In a nondescript warehouse in Northcote, Melbourne, artist Ann Debono leads the way to her studio. The plasterboard corridor beyond which lie artists’ studios is narrow and twisting. Debono, who graduated from the Victorian College of the Arts (VCA) in 2015, hasn’t had many visitors here. “I wonder how it looks to outsiders,” she reflects, “there’s something Kafkaesque about this labyrinth.” Inside her studio, which is around about the size of a modest bedroom, there is very little decoration; Debono has a preference for a deliberate sort of “ugliness” as she calls it. A skylight lets in enough light for her to mix paint colours into the afternoon, though she downplays the importance of colour to her practice, “I’m not a colourist,” she states firmly.
There’s something ascetic about the space, and in the heart of a Melbourne winter, the temperature in here gets “Baltic” she says. Discarded one-use gloves and rags lie under a work table covered with tubes of paint, above the table hangs a nail with strings fastened to it, to fashion disappearing perspective points. Debono motions to an unfinished painting with chequerboard tiling, “The floor of that space is two point perspective.” In lieu of being taught linear perspective, she “just kind of made it up.”
Debono’s work desk is piled with yellowing books on early Christian art, and is also strewn with photographs. The photographs are of architectural interiors, indistinct streetscapes, mirrored surfaces – they look incidental but it’s from these snapshots that she mentally creates collages that form the basis of her oil paintings. She’s working on several canvases for Melbourne Art Fair, and the deadline seems to emerge too close on the horizon. How long will it take her to finish these? “Longer than I have left.”
“I am here from about 9 o’clock in the morning,” says Debono, “if I am not in by 10, I start to get anxious.” She’ll paint until five or six in the evening.
If Debono is not a colourist, as she maintains, then what excites her about painting? “Composition is very, very important to me. It’s the foremost thing that I care about with painting.” At art school Debono worked with collage and as such, her paintings are composites of her photographs and found images. “Most of the work happens on the canvas, I figure everything out in my head and on the actual work. I don’t have any patience for preparation. When I need to learn how to paint something new or draw something new? I just make it work.”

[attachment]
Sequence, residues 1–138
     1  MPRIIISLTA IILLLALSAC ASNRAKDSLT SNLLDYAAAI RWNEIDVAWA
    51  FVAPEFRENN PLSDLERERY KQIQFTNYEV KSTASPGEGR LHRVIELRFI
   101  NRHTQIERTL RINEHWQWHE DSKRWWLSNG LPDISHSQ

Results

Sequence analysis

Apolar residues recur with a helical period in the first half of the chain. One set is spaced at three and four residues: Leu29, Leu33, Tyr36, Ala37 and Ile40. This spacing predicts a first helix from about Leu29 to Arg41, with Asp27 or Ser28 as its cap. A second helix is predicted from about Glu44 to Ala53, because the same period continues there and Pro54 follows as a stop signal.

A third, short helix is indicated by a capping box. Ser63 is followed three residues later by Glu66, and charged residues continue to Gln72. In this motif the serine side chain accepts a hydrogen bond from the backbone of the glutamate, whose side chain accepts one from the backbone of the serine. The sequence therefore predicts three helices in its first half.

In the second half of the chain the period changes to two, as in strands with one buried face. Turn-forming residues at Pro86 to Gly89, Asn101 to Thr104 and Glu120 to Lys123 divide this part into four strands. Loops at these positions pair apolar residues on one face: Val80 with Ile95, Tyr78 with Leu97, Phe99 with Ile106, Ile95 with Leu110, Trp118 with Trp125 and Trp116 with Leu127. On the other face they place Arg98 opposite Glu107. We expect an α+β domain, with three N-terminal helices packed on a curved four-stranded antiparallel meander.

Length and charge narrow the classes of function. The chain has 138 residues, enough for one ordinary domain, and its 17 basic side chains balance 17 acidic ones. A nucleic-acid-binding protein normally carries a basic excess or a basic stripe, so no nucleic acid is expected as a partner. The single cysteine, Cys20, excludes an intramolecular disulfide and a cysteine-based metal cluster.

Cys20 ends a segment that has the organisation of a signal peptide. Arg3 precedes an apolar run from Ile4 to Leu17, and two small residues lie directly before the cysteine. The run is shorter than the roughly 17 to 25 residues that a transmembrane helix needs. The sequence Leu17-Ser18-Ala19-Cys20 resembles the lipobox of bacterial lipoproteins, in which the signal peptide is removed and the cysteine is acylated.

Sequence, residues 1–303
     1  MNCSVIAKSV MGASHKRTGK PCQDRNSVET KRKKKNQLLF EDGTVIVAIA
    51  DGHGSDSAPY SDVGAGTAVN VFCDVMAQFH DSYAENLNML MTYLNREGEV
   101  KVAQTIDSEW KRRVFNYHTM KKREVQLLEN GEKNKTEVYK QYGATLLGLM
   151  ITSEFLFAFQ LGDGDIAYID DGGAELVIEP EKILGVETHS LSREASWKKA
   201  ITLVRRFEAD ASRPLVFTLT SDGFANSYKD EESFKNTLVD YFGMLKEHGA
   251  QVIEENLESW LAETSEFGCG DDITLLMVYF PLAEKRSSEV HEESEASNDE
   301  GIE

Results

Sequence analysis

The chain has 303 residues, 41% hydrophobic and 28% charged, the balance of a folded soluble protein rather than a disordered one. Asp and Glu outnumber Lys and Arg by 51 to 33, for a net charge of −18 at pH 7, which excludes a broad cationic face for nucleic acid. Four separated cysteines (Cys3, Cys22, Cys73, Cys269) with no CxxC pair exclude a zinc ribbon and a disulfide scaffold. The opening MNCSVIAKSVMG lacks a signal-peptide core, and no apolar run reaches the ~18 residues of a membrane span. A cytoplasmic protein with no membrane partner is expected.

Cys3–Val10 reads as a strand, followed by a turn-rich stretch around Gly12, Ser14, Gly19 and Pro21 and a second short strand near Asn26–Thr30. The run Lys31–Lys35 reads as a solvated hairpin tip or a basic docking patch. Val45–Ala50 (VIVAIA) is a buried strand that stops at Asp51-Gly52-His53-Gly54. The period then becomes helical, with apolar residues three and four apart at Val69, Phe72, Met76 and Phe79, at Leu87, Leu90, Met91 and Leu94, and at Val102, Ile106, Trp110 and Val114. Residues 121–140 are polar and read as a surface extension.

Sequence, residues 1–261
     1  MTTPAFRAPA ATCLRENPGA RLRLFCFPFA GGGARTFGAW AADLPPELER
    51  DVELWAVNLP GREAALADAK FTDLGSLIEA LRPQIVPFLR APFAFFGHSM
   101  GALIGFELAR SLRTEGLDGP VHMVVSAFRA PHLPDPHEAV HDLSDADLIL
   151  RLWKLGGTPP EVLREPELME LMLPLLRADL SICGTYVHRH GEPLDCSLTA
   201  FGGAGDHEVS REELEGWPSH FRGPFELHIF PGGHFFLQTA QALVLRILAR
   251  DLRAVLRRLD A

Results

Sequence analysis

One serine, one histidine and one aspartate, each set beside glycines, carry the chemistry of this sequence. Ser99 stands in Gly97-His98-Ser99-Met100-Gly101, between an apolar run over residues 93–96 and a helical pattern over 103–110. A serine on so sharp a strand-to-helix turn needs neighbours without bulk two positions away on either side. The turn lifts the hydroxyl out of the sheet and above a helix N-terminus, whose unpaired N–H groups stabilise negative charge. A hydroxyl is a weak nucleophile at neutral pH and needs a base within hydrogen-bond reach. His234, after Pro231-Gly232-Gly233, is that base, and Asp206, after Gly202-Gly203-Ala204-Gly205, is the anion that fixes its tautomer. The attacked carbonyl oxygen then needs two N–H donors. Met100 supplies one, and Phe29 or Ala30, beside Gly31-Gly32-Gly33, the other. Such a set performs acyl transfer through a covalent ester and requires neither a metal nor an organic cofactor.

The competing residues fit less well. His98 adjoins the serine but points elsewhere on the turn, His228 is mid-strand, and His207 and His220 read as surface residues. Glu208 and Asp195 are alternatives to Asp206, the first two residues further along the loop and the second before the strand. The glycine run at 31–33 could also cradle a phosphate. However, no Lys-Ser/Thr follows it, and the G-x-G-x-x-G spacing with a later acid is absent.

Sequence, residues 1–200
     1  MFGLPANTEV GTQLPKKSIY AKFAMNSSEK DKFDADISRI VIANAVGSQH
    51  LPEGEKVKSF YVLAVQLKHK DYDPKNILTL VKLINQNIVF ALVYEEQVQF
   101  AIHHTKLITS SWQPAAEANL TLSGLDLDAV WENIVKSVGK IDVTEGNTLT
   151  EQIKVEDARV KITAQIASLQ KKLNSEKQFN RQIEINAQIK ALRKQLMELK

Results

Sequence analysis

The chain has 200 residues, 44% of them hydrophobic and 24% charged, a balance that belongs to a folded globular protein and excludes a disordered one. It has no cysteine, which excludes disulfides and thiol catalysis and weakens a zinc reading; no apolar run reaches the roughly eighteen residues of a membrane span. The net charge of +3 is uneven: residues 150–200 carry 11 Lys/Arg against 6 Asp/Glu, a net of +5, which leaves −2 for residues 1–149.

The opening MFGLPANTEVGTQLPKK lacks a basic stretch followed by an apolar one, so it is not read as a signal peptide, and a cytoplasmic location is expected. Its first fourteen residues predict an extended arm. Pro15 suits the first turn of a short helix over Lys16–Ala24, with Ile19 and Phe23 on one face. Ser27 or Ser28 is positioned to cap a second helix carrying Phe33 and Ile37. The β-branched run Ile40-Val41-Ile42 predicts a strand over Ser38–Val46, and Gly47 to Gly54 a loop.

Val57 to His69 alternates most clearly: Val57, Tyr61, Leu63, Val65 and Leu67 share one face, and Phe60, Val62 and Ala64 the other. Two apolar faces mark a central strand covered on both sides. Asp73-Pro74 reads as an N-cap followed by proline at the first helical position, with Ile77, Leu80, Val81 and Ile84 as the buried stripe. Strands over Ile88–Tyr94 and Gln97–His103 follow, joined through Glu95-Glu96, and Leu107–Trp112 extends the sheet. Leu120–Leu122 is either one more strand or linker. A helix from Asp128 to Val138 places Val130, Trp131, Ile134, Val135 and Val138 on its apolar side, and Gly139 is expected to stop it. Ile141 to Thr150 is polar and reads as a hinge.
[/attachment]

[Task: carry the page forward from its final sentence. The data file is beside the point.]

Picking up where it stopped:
Debono discusses the painting with the chequerboard floor to illustrate her method of working. A Roman coin, rendered carefully in brown, is offset by Australian one dollar coins elsewhere that appear to have come into being through rubbing instead of painting. Behind them, she’ll add in fingerprints on paper. “This work is about tactility and perspectival space.” Debono mentions 18th-century Enlightenment thinker Denis Diderot who in his Letter on the Blind wrote on the nature of perception, that optics were a matter of both habit and experience when it comes to perceiving distances and perspective. He argued, says Debono, that “Truth must be able work for a blind person as well.” In The Optical Unconscious, art critic Rosalind Krauss summates Diderot’s argument as “perspectival space is tactile space.” Debono isn’t convinced by Diderot, “What about orientation?” she asks.
Her response is to disorientate the viewer in her compositions. In this painting’s middle ground, hanging plants are depicted in a photographic blur. “They’re really overexposed.” She’s painting them from “a really badly lit photograph,” which she enjoys, again, that predilection for the imperfect, or even the ugly. “Painting doesn’t map onto the world. There is a huge gap in the middle that painting can’t traverse. It doesn’t get closer to the things that it depicts – it actually maintains this distance. And photography, too and language. The dark matter that is subtending this whole practice is thinking about language.”
In October, Debono is heading to Rome for a three-month residency where she says she will be “really close to the Pope.” The residency fell in her lap – the British School at Rome (a 55-minute walk from the Pope in Vatican City) sought out a resident from VCA. After being shortlisted she was asked to write a submission outlining why she “deserves” the opportunity, she winces when recalling it – nonetheless Debono’s interests align neatly with the cultural history of Rome.
“I’m fascinated with Christianity and the history of image making in Catholicism, all of the theological interpretations of how images function. That’s massively my jam.” It won’t be her first trip to Rome, she has visited briefly but this time, she’s “going to sit and draw heaps. Sit in churches, draw.”
In the “distant future” in (the “Star Wars sounding 2020” as she says), Debono will have her first solo exhibition with Sutton Gallery. “It’s not that far away, and I’m planning something significantly ambitious in terms of scale.”
Ann Debono is represented by Sutton Gallery, Melbourne.